Over the past month there has been a definite change in the US administration policy of troop levels in Iraq. The surge is over and political pragmatism underpins troop reductions.
On September 13 Bush said that about 30,000 troops might return home by summer 2008 (pre-surge level), starting with 5,700 by Christmas. Then on 14 September Defence Secretary Robert Gates suggested the current level of more than 160,000 soldiers could be cut to about 100,000 by the end of 2008.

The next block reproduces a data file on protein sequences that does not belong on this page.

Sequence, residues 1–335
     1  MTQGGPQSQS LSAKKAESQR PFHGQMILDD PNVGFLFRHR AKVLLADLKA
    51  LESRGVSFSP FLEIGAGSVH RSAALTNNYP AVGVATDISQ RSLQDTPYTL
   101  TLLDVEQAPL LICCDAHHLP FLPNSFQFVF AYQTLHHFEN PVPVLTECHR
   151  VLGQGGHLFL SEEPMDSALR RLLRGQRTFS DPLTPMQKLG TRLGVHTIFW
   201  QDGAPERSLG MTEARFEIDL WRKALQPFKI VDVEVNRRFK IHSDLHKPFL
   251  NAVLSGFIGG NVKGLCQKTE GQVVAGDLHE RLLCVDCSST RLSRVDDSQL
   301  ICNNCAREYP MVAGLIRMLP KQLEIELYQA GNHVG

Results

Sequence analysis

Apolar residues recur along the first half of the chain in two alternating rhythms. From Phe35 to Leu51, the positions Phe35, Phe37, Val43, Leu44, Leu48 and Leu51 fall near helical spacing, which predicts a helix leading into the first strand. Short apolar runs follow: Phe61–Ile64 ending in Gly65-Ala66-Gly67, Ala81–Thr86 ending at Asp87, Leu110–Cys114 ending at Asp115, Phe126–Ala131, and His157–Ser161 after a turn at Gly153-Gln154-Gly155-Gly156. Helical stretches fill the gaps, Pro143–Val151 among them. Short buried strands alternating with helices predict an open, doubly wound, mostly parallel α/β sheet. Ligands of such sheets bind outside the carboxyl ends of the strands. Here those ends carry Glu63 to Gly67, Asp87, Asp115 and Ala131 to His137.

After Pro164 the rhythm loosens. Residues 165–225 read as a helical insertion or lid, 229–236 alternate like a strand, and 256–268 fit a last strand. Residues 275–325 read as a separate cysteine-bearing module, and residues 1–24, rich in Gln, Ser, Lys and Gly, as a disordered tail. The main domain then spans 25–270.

While both Gates and Bush stressed that any reduction in troop levels would be entirely dependent on the success of their mission, it appears that troop reduction is also driven by political pragmatism: high troop levels in Iraq are increasingly unpopular with Americans and Iraq solutions are more dependent on regional multilateral cooperation than soldiers. These statements also come as a White House report (Final Benchmarks Assessment Report)suggested Iraq’s government has made little progress in meeting key military and political benchmarks set by the US.